EditorialTHEWILL Editorial: N500bn Palliative As Another Charade?

THEWILL Editorial: N500bn Palliative As Another Charade?


Nigeria is on the wrong track once again, despite all the promises made to turn things around for better. While most Nigerians believe that it is too early to start experiencing the changes, considering the fact that much harm had been done by the immediate past administration, the disbursement plan for the N500 Billion approved by the Senate for President Bola Tinubu last week as palliative for the fuel subsidy removal really leaves a sour taste in the mouth.

While many believe that palliative measures are, indeed, necessary to cushion the effects of the fuel subsidy withdrawal on Nigerians, going the unpopular money-sharing route under the guise of conditional cash transfer is highly disappointing for an administration that many expect to correct the mistakes of the past.

Despite the good intentions, the planned allocation of N500 Billion to 12 million vulnerable households at N8,000 per month for six months for each household and the planned disbursement of another N70 Billion to newly-elected lawmakers in the National Assembly are not good enough. Given the hyper-inflationary trend in the country, coupled with the drop in the value of the Naira, one begins to wonder what relief a meagre N8,000 would offer the recipients in a month.


While statistics put the number of people living in poverty in the country at about 125 million out of the over 210 million Nigerians, the Federal Government has been flaunting the palliative measures to win popular support, even as it seems to be leaving the fate of the remaining over 100 million Nigerians that are not factored into the plan to hang in the balance. Apparently, they have been left to wriggle their way out of the difficult economic challenges resulting from the subsidy removal.

The mode of disbursement of the conditional cash transfer is, in fact, suspect as we consider the whole arrangement as a charade that could turn into another scam as ”money for the boys” after the controversial election victory, which is still in contention at the Presidential Election Petition Tribunal.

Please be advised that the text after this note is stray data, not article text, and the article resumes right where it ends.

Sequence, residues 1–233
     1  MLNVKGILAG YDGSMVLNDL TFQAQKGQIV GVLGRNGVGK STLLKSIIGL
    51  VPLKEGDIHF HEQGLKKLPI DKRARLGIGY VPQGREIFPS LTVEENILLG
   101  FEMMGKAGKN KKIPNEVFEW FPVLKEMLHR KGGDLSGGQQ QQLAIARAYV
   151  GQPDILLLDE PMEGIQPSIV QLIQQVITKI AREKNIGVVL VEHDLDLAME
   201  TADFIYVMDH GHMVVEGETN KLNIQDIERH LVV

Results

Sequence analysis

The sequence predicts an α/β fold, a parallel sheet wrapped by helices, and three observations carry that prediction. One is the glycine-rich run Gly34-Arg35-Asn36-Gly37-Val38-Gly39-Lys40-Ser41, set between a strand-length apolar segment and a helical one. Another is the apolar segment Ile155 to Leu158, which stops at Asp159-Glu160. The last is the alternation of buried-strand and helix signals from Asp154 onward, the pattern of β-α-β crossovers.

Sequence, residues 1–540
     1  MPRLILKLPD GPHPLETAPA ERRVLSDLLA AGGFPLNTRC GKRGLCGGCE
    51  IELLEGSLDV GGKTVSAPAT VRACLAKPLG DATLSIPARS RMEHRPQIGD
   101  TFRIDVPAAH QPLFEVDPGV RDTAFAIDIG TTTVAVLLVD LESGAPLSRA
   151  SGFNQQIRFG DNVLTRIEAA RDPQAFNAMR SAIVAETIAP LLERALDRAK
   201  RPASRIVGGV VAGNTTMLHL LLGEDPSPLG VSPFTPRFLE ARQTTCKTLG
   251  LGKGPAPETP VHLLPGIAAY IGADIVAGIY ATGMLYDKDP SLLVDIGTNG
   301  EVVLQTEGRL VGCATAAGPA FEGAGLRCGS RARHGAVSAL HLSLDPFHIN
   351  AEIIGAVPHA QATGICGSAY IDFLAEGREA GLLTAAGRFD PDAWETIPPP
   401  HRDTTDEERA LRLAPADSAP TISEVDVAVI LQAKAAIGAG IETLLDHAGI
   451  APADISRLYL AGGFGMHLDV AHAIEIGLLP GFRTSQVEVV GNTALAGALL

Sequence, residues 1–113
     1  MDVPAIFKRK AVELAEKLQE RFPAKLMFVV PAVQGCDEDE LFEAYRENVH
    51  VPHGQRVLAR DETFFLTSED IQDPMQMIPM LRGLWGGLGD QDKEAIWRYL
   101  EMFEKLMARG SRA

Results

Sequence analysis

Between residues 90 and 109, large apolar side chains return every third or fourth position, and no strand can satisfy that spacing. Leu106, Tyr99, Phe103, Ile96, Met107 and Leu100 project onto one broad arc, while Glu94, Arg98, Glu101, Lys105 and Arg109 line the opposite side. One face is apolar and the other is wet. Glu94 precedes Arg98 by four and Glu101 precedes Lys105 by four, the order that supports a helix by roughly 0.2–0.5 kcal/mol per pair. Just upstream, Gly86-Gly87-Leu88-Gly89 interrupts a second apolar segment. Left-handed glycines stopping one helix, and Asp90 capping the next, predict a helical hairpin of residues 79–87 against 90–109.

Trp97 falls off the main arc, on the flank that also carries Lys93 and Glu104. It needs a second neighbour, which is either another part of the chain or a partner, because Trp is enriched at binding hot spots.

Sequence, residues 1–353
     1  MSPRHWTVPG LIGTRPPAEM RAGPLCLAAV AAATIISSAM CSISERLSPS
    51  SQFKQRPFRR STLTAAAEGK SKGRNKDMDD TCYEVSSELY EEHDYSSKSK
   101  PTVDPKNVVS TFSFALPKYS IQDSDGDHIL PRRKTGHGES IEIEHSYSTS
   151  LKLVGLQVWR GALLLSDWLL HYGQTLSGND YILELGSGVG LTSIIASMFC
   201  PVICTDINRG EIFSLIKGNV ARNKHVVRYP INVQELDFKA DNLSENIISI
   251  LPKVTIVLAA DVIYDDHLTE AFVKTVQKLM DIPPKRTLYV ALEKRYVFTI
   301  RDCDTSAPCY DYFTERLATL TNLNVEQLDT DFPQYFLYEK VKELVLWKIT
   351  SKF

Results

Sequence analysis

The speed at which the approval was also given by the Senate did not also come as a surprise to many since new members have also been accomodated in the distribution of the largesse, which, unfortunately, would have to be repaid through taxes and levies that are coming in torrents, by majority of Nigerians who are not even accommodated in the so-called palliative.

We are therefore not surprised that labour was quick to reject the palliative as it demanded for N300,000 minimum wage for workers in the country. While Nigerians are willing to be patient with the Tinubu Administration as his policies unfold, the President must be careful not to be misled into taking unpopular actions as Nigerians won’t really fold their hands and watch helplessly as they are being led through the same unpopular route once again.

We are very sure that the palliative Tinubu is dangling at Nigerians at the moment is not the kind of palliative they expect as this is not good enough. The palliative Nigerians need is in the areas of provision of much-needed infrastructure, especially in mass transportation like the Zamfara State Government has done.

Distributing and sharing money under any guise will only encourage corruption as the trust problem is still there, especially with politicians and the so-called community leaders who are expected to be in charge of the disbursement.

Nigerians won’t forget in a hurry the scam that the TradeMoni scheme became under the Muhammadu Buhari Administration.

The humongous amount of money the former Minister for Humanitarian Affairs, Disaster Management and Social Development, Sadiya Umar Farouq, claimed her Ministry disbursed as palliatives and free school feeding for children, among others, also remained contentious till date.

We therefore call on President Tinubu to listen to the genuine concerns being raised on his palliative plan in order not to go the unpopular route Buhari took, which was faulted by most Nigerians. We however commend the president for declaring a state of emergency on food security in the country and urge him to match his words with practical actions and not mere rhetoric.

Nigerians are no doubt going through a very difficult time now, with all the sacrifices they are making in support of the new administration. It will not be fair to them if the government embarks on unpopular policies and actions that are tantamount to robbing Peter to pay Paul. Costs of governance should be drastically reduced in view of current realities instead of placing too much burden on the majority of Nigerians.

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